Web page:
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Danish scientist latest victim of "libel tourism"

21 December 2009

General Electric is preparing to sue a Danish scientist in the English courts for libel over comments he made about a drug manufactured by the multinational conglomerate.

In October 2007, radiologist Henrik Thomsen commented during a conference in Oxford that Omniscan, a contrast agent intended to enhance the readability of MRI scans, had potentially deadly side effects.

Professor Thomsen repeated his comments in February 2008 in a Belgian radiology magazine with a worldwide circulation of 12,000, including 1,000 in Britain.

GE issues proceedings and a letter of claims on 25 April 2008 and has run up over £380,000 in costs.

Thomsen is represented by Andrew Stephenson, senior partner at Carter-Ruck, under a conditional fee agreement.

The case is the latest in a series of so-called libel tourism claims that have cast fears that the English courts are being used by foreign claimants allegedly taking advantage of Britain's favourable libel law.

Earlier this year it emerged that an English scientist, Peter Wilmshurst, was being sued in Britain by US company NMT Medical for remarks over one its products he made while attending a cardiology conference in Washington in 2007.

Following news that justice minister Jack Straw would be meeting Professor Wilmshurst to discuss "libel tourism", Stephenson wrote to Jack Straw detailing some of the issues arising in cases such as these.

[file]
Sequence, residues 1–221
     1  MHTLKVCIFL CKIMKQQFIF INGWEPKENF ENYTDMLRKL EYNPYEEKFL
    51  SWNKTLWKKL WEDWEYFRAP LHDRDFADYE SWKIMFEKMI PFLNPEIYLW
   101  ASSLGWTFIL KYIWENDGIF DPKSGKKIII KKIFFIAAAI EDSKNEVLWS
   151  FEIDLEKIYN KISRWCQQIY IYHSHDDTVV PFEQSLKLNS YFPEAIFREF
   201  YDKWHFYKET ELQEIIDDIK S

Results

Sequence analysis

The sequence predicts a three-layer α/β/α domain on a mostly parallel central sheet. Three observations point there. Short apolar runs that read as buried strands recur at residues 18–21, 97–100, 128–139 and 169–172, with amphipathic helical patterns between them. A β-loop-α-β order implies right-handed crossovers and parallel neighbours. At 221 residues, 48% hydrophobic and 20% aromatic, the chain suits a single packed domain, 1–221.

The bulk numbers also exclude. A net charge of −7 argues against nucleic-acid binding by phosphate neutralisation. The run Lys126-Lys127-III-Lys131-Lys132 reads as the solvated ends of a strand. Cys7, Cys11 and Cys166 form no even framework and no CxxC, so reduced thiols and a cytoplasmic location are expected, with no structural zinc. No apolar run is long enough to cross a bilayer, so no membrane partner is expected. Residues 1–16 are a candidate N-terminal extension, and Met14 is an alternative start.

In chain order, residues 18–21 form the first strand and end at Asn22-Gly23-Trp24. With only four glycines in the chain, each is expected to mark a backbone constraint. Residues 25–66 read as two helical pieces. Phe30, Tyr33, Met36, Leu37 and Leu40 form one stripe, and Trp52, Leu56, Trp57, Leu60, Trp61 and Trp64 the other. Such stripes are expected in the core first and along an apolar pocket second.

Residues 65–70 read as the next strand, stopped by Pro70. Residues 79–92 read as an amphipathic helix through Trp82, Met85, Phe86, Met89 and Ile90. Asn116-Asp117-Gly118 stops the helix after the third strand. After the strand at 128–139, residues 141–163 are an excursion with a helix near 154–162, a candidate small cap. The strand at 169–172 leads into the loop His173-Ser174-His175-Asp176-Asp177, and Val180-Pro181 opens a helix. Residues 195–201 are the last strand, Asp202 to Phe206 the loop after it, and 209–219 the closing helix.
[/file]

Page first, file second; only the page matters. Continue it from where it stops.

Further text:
In the letter, seen by Solicitors Journal, Stephenson explained that the risk and cost of disputing the jurisdiction of the English court was such that the scientist "found himself in a position where he is forced to defend himself before the courts in England".

According to the letter, there has been publicity of the problems associated with the drug in Denmark, both in newspaper reports and television programmes, and in the USA, where patients have reportedly started proceedings against, among other, GE Healthcare.

Stephenson said his firm was not aware that GE Healthcare had brought proceedings in respect of such publications in either Denmark or the USA.

In a separate development, the BBC has apologised to commodities trader Trafigura for false allegations made on Newsnight in May in relation to oil discharges off Ivory Coast by the Probo Koala, a vessel chartered by Trafigura.

The BBC has agreed to pay Trafigura's legal costs and £25,000 in damages.

In September the personal injury claims brought on behalf of 30,000 Ivorian were settled in the High Court, where Mr Justice McDuff endorsed expert findings that the injuries suffered by the claimants could not be linked to the discharges.

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